Author`s name Ольга Савка

Thousands flee Uzbekistan as the uprising reaches other towns

The people, who lost their loved ones in the Andijan uprising, will continue taking revenge for their killed relatives even when the conflict ends

The situation in Uzbekistan remains rather complicated. Governmental troops control the regional center of Andijan, in which the uprising started on May 12th overnight. The mutiny in Andijan gave rise to massive disorders in another Uzbek town of Karasu, which is situated on the border with the republic of Kyrgyzstan.

Karasu residents seized governmental buildings in the town and set them on fire. The furious crowd attacked local officials and beat up the town's mayor.

When the news about the events in Andijan reached Karasu, local residents demanded the mayor should open the check point on the border with Kyrgyzstan. When the official refused to fulfill the requirement, the people attacked him and brutally beat the mayor. After that, the crowds ambushed the police headquarters, the road police department and the tax inspection and set those buildings on fire.

A chaotic rally started in the town of Karasu. The people demanded the retrieval of the visa-free regime to cross the border with Kyrgyzstan. Uzbekistan and Kyrgyzstan use visas on the border, which prevent residents of Uzbek border areas to access a large market in Kyrgyzstan, the Vedomosti newspaper wrote.

The riot in Karasu subsided by Sunday night. According to Fergana.Ru news agency, the town looks deserted.

Meanwhile, a group of armed gunmen attacked Uzbek servicemen on the border between Kyrgyzstan and Uzbekistan. Local residents say that eight military men and three terrorists were killed in the shootout. When the battle ended, the insurgents escaped on the territory of Kyrgyzstan. However, spokespeople for law-enforcement agencies of the two republics rejected the information about the skirmish, RIA Novosti reports.

The revolt in Uzbekistan - Photo gallery

Thousands of refugees have crossed the border on Kyrgyzstan. Experts say that those people, who lost their loved ones in the Andijan uprising, will continue taking revenge for their killed relatives even when the conflict ends. The riot in Andijan is gradually taking a national scale in Uzbekistan, although the republic's government has taken much effort to suppress such progression.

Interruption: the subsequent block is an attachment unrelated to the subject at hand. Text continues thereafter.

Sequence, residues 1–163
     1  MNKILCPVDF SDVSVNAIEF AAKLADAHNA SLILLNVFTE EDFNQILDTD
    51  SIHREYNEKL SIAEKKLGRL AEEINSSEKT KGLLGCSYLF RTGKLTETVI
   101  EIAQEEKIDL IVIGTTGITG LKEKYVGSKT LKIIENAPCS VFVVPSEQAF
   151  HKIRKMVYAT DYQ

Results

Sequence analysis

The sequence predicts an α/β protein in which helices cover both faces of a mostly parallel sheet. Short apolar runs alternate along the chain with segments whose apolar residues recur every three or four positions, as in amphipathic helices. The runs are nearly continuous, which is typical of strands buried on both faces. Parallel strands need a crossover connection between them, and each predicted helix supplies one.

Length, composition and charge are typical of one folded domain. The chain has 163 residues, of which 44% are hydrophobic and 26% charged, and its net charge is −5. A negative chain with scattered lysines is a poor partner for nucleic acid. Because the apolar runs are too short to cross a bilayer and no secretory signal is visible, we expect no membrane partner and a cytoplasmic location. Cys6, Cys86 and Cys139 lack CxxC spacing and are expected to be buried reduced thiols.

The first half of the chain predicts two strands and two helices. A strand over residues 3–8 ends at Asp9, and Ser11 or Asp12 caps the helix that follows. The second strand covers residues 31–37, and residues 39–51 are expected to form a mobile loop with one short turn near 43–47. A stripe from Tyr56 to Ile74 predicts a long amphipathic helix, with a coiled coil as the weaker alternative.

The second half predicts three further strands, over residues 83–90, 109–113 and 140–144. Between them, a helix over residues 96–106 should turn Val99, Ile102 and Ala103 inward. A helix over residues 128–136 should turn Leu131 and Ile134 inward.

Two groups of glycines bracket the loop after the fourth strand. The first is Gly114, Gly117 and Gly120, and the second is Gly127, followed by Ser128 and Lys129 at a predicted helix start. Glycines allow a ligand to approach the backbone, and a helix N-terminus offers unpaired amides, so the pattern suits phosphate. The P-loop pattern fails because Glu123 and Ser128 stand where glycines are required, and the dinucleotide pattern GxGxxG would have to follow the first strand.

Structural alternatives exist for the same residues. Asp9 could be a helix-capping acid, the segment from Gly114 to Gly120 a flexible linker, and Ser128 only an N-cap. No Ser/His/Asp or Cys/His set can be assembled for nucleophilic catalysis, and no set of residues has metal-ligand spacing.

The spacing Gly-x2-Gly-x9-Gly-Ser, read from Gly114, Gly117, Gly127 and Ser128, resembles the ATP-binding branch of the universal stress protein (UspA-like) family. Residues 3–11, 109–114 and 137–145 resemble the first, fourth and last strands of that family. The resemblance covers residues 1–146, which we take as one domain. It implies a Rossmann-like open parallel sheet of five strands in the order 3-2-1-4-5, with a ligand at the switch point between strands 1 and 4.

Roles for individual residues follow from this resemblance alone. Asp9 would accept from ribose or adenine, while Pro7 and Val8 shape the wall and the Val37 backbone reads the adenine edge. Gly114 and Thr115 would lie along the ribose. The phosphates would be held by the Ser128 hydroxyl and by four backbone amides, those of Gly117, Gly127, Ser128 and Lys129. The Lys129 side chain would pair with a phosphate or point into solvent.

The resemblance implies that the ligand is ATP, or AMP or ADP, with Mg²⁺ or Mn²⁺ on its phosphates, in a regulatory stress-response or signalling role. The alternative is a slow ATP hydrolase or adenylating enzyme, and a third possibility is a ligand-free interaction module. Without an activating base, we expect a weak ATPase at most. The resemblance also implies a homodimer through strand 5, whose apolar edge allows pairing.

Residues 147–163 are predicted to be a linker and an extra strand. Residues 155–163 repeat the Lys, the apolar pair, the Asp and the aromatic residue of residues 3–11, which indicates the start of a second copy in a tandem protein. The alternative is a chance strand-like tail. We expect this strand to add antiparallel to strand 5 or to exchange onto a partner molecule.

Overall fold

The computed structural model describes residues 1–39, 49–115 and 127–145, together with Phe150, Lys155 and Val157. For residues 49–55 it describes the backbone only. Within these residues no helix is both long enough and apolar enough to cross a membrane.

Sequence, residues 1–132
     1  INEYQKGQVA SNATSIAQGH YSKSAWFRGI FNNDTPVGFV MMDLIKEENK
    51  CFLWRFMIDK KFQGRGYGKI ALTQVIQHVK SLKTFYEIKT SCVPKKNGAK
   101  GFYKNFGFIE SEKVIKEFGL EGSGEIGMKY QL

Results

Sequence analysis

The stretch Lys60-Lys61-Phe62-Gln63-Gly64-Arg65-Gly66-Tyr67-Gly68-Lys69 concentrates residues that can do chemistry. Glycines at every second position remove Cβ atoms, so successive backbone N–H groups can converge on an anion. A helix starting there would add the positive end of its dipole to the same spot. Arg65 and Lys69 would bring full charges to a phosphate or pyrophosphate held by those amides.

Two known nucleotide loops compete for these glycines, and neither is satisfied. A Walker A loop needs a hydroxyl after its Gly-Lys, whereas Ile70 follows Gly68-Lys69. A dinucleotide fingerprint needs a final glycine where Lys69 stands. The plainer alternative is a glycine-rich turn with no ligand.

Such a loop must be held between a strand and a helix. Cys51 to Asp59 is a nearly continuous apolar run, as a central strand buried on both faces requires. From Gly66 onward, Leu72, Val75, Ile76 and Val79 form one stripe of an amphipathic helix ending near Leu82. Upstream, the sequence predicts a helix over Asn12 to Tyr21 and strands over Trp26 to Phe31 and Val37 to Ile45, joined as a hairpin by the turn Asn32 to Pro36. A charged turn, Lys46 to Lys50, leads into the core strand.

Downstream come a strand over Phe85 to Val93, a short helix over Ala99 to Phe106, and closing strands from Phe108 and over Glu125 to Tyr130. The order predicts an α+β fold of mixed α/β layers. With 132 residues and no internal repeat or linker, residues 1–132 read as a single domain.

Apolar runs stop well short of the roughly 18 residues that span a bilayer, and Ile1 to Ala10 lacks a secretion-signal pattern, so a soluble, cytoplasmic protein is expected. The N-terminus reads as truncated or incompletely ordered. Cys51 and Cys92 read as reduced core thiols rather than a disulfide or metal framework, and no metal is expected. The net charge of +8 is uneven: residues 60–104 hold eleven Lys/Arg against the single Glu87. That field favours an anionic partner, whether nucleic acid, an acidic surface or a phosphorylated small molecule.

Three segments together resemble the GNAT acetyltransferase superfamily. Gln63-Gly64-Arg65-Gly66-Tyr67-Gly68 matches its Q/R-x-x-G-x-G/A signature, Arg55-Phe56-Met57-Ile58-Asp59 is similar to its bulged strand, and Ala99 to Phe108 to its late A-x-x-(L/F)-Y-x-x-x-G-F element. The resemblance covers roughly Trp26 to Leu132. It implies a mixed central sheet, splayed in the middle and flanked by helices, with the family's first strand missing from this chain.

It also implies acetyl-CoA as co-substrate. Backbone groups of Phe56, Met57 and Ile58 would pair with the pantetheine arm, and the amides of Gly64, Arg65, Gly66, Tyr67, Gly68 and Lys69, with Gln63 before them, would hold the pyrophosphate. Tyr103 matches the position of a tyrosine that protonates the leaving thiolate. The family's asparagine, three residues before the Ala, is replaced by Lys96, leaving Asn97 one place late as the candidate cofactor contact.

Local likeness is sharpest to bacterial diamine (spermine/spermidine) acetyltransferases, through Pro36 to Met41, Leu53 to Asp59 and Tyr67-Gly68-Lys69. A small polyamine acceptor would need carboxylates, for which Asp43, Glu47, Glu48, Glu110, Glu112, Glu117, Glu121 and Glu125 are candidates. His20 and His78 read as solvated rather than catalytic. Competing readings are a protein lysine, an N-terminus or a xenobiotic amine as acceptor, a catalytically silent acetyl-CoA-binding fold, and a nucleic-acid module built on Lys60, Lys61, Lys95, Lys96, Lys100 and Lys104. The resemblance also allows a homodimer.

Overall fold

The national riot continues in Uzbekistan. Another Uzbek town, Pakhtaabad, rebelled against the regime of the incumbent President Islam Karimov. The town is situated only 30 kilometers far from Andijan. About 200 people have been reportedly killed in the town as a result of clashes between protesters and governmental troops.

”They were shooting us like rabbits,” a teenager from Andijan told reporters. Eyewitnesses say that they have seen massive executions too. “Soldiers brutally finished off with the wounded that were trying to walk away, killing them with automatic fire,” a local entrepreneur said. “The situation is horrible. Innocent people die, but they would put guns next to their bodies to make them look like terrorists,” a local resident said.

The gunfire killed a pregnant Uzbek woman, the Kommersant newspaper wrote. “A taxi driver was taking the pregnant woman to the hospital through the city center. He was driving very fast, and the military men shot both the driver and the woman,” an eyewitness said.

The Uzbek town of Andijan, where the uprising started, turned out to be completely isolated from the whole world by May 15th. A lot of local residents are looking for the bodies of their relatives, but governmental troops are guarding hospitals and morgues.

The exact number of victims is not known: the Uzbek government is doing its best to avoid the information leak.

Non-governmental organization Human Rights Watch condemned the Uzbek administration yesterday for using the pretext of the anti-terrorist struggle to kill the civilians. Great Britain also expressed its concern about blatant violations of human rights and the absence of democracy in Uzbekistan. Spokesmen for Uzbek authorities insist, however, that governmental troops do not kill civilians.

Islam Karimov, the President of Uzbekistan, believes that the uprising in the republic has been caused either by Islamites or the USA.

Photos by Fergana.Ru, AFP